494 F2d 460 Brennan v. Occupational Safety and Health Review Commission
494 F.2d 460
1 O.S.H. Cas.(BNA) 1623
Peter J. BRENNAN, Secretary of Labor, Petitioner,
OCCUPATIONAL SAFETY AND HEALTH REVIEW COMMISSION, and Vy
Lactos Laboratories, Inc., Respondents.
United States Court of Appeals, Eighth Circuit.
Submitted Nov. 12, 1973.
Decided April 5, 1974.
Michael H. Stein, Atty., Dept. of Justice, Washington, D.C., for petitioner.
Thomas A. Finley, Des Moines, Lowa, for respondents.
Before MEHAFFY, Chief Judge, MOORE,* Senior Circuit Judge, and WEBSTER, Circuit Judge.
MEHAFFY, Chief Judge.
The Secretary of Labor has petitioned this court to review the decision of the Occupational Safety and Health Review Commission in Vy Lactos Laboratories, Inc., OSHRC Dock. No. 31 (Feb. 21, 1973). The decision in question affirmed, but on different grounds, a hearing examiner's report and order that had vacated a citation and proposed penalty issued by the Secretary to Vy Lactos for an alleged serious violation of the Occupational Safety and Health Act's general duty clause, 29 U.S.C. 654(a)(1). The Secretary argues that incident and dismissed the citation and erroneous construction of the general duty clause and that we should therefore reverse the decision and reinstate the citation and proposed penalty. For the reasons stated below, we agree that the Commission's decision must be reversed, but on the basis of the record before us we feel compelled to remand the matter for further administrative proceedings.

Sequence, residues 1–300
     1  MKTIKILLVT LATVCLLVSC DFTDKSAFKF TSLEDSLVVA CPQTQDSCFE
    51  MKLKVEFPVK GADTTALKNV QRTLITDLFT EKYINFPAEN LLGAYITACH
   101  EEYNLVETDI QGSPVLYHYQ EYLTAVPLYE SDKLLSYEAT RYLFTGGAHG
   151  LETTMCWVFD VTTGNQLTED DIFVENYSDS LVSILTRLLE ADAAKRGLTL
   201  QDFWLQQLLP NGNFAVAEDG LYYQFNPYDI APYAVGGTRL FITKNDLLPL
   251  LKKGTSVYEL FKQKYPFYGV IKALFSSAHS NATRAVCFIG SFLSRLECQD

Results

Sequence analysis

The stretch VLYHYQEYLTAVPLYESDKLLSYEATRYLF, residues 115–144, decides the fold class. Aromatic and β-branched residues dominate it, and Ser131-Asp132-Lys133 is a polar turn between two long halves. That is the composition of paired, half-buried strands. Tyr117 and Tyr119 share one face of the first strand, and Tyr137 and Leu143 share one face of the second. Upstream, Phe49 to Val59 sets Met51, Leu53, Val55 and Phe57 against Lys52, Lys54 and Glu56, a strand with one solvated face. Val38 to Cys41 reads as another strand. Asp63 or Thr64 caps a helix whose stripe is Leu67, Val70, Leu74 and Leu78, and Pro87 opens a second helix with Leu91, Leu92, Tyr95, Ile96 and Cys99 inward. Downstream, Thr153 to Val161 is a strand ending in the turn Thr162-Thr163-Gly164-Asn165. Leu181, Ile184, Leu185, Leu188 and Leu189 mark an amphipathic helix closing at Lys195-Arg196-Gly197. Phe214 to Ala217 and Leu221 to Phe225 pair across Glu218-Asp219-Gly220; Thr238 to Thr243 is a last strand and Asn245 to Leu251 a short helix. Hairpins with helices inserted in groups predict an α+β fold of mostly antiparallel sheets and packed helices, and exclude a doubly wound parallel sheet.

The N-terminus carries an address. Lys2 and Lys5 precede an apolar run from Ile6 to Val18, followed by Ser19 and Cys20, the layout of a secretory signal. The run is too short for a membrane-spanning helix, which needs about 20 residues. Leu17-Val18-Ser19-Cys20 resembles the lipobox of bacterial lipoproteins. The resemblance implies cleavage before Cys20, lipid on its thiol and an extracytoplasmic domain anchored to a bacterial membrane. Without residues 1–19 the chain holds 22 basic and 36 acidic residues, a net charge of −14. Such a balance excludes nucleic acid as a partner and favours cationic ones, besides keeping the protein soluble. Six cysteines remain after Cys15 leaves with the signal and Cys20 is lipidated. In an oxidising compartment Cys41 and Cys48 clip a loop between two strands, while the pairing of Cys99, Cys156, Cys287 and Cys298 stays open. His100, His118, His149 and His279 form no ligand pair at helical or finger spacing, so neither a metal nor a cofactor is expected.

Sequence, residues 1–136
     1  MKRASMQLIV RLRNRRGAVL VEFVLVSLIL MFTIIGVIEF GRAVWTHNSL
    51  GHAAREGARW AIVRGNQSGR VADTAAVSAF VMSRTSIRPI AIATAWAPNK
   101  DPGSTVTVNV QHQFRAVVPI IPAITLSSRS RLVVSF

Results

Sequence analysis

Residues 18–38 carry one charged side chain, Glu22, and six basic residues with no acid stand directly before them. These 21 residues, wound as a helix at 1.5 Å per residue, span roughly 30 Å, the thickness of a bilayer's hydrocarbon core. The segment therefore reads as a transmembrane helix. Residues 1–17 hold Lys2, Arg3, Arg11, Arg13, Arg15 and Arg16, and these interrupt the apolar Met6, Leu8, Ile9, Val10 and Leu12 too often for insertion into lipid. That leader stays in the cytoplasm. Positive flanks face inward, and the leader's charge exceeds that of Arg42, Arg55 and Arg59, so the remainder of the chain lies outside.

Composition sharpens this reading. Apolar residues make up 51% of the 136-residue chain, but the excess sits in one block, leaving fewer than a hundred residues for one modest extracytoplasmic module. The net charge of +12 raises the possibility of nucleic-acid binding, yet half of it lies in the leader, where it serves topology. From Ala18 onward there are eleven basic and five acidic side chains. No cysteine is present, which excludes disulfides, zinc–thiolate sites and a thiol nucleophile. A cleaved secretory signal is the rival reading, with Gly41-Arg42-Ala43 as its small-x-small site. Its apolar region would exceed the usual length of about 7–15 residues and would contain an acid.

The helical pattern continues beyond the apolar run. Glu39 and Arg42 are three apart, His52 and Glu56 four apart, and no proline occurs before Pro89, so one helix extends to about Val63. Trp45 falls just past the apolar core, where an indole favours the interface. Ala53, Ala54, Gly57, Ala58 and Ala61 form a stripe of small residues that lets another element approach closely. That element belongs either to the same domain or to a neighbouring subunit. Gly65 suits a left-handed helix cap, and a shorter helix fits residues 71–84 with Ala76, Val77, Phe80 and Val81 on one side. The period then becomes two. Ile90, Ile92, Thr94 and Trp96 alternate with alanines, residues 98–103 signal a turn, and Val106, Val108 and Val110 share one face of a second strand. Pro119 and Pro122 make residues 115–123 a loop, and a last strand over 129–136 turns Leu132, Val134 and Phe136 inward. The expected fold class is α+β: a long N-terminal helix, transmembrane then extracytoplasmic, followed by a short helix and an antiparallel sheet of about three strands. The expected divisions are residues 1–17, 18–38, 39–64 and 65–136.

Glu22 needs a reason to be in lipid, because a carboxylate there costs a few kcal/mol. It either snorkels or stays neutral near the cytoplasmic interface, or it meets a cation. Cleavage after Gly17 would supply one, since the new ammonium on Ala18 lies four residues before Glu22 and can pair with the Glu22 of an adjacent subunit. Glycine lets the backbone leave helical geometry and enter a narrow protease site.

I. The Incident.
Respondent Vy Lactos Laboratories is an interstate manufacturer of animal feed concentrates. In the course of the manufacturing process at its Des Moines, iowa plant Vy Lactos utilizes proteinaceous fish solubles. These fish solubles, which consist of the 'innards and guts' of fish, are received in a liquid 'slurry' form that is treated with sulfuric acid to retard decomposition. The slurry is stored in tanks in the basement of the plant.